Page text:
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Digital Audio and Codecs I

Recording and editing of TV sound is now almost exclusively digital using PCM (Pulse Code Modulation).

24-bit audio with a sampling frequency of 48 kHz is the common sound format for television production. These levels are supported by most mixing consoles, audio recorders, codecs, storage and playout systems. 24 bits allow a signal to noise ratio of more than 100 dB (practical value, theoretically 146 dB) and high headroom at the same low distortion. The sampling frequency of 48 kHz allows an audio frequency response of at least 20 -.20,000 Hz which mirrors the human hearing range.
PCM sound provides very high quality, but also high data rate audio for use inside the broadcaster and production chain, however it is not used for transmission to the consumer. To make the audio easily transportable, data reduction is required. As with video signals, the transmission of stereo and surround sound have multiple encoding formats available (see table).

PCM sound for production

Whether stereo, 5.1 or 3D audio, sound should be recorded and edited 48 KHz with linear PCM audio at 24-bit. It’s important to check with your crew on what their equipment can record as some acquisition tools whether, disc or file-based, only offer limited audio resolution of 16 or 20 bits.
For high quality deliveries or when working with Dolby E, the resolution and bit transparency is taken into account. The term "bit transparency" describes the ability of a system to store a signal without any change or loss, so to leave the data bits "transparent", no matter where they have been in the production process.

With the removal of tape formats from audio and video production. Codecs are now used to replace these formats, as audio and video are wrapped into files. Modern video codecs such as DNxHR , ProRes , XAVC Intra, H.264 and H.265 are not automatically tied to a particular audio codec. For example, H.264 are encoded in a DSLR with PCM sound, however when a TV station using codecs such as Dolby Digital Plus or HE-AAC puts that audio into a transport stream (MPEG-TS) as H264 the audio is multiplexed and compressed to save data rate. XDCAM supports five video codecs and PCM audio with 16/24 Bit at 48 kHz and proxy Audio with A-Law encoding, 8-bit resolution and 8 kHz sampling frequency.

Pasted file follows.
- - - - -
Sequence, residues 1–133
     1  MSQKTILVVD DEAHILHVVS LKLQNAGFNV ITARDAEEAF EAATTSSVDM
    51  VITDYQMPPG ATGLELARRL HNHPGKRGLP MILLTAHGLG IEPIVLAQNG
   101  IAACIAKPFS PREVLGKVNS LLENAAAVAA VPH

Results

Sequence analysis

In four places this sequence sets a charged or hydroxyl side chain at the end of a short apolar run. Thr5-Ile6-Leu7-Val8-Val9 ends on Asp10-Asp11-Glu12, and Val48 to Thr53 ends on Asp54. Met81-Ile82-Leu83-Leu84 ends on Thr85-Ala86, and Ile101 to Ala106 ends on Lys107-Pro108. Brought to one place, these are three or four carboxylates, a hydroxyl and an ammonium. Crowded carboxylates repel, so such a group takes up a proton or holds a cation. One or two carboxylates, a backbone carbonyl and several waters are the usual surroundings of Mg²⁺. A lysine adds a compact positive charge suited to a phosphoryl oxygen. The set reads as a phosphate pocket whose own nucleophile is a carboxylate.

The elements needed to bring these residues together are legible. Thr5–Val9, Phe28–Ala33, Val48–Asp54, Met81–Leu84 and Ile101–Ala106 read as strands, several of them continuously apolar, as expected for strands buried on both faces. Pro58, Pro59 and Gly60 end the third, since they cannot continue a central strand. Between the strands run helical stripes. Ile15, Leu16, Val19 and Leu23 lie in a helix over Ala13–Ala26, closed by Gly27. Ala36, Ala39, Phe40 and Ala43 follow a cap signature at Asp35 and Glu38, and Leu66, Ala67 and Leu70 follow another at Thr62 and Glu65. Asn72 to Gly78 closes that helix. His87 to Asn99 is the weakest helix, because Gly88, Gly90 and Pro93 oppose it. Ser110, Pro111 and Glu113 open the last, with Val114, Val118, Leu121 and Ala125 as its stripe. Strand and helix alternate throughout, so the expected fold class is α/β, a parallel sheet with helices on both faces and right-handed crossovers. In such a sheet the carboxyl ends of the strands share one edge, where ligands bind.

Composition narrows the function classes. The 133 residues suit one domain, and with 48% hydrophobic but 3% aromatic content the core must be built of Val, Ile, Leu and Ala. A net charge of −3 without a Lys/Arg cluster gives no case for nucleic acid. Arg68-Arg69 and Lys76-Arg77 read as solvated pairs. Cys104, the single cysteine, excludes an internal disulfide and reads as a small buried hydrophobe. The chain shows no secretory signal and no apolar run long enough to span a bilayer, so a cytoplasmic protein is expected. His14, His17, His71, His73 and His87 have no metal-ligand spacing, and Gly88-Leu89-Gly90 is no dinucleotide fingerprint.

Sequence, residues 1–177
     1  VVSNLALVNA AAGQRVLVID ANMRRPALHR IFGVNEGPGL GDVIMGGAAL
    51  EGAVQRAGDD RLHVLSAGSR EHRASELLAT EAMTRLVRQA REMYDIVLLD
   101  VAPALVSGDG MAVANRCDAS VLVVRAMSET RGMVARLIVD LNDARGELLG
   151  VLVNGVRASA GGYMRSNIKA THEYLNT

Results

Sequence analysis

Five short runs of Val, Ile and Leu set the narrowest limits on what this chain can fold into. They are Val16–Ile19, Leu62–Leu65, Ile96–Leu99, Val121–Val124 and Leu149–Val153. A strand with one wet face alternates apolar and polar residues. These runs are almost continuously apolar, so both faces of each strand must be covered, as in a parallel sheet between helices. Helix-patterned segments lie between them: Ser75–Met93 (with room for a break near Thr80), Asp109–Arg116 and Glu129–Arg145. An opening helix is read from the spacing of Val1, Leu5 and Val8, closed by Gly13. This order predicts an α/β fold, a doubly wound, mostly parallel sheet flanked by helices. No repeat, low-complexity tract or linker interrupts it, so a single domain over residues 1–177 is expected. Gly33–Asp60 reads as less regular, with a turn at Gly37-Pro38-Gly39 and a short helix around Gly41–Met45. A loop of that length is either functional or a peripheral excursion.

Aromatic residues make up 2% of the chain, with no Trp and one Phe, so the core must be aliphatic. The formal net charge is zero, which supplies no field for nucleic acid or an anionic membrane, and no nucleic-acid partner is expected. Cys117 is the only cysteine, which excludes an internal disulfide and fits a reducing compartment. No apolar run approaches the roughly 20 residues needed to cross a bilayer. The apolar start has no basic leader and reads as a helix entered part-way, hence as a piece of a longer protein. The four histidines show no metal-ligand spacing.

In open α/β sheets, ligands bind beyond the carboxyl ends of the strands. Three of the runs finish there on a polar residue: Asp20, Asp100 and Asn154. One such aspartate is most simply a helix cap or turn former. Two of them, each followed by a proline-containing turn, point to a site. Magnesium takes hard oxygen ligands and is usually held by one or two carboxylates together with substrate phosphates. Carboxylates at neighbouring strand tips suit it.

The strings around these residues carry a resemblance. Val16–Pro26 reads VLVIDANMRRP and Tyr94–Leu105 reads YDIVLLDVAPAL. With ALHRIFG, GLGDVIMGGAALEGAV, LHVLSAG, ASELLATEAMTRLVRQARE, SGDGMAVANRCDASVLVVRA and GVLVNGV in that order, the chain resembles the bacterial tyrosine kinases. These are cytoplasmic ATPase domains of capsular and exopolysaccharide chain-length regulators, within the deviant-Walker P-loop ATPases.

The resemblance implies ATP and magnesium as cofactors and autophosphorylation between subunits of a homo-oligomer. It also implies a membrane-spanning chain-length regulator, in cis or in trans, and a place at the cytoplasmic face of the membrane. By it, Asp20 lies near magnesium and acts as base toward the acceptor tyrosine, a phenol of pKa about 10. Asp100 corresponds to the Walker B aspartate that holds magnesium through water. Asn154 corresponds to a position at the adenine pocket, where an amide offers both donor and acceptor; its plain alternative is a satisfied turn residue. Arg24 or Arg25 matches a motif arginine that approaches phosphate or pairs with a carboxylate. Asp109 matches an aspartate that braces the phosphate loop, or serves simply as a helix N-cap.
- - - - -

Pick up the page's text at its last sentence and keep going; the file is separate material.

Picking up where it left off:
[Illustration: Basic technical properties of some audio recording formats]

Surround sound is preferably recorded as a set of discrete PCM channels (ie 6 x PCM for 5.1), which makes the transmission of the correct tracks, tied to Dolby metadata or metadata presets much easier. SDI and HD-SDI interfaces provide the possibility of transporting up to 4 packages, each with four audio channels (32 channels with dual link).

SDI interfaces to SMPTE 259-M (standard definition) delivering a maximum of four audio packages and therefore 16 audio channels. This should not be used for the storage and distribution of discrete multichannel audio as the phasing of the individual audio groups is not exactly defined, is device dependant on how the supplier has implemented the SDI audio, and in turn can introduce errors when downmixing.

Here Dolby E is recommended as a high-quality way to feed 6 (16-bit) or 8 channels (20 bit) plus metadata into a stereo pair. HD-SDI interfaces to SMPTE 292M, 372M (dual link) and 424M (3G) are designed as phase stable and allow the transport of surround sound without Dolby E.

Data Reduction in production

Data reduction is audio is everywhere – from the MP3s on your phone, to the streaming music services you listen to. However data rate reduction in production should only be used if the quality of the encoding is suitable for professional work or is good enough for some live access points for News reporting – for example Audio-over-IP or satellite links – when there really is no other sound available.

The encoding formats AAC, HE-AAC, Windows Media Audio and MP3 - which are often supplied in audio and video editors – can apply very high levels of compression. However the use of data-reduced material in a production needs to be carefully considered. This can have a significant impact on the final version of the programme once it has been through the television transmission process. In some cases coding artifacts can be heard. It’s important to consult the delivery requirements for the broadcaster you are working with, in order to safeguard the highest possible audio quality.

Author: Karl M. Slavik, Arte Cast Vienna

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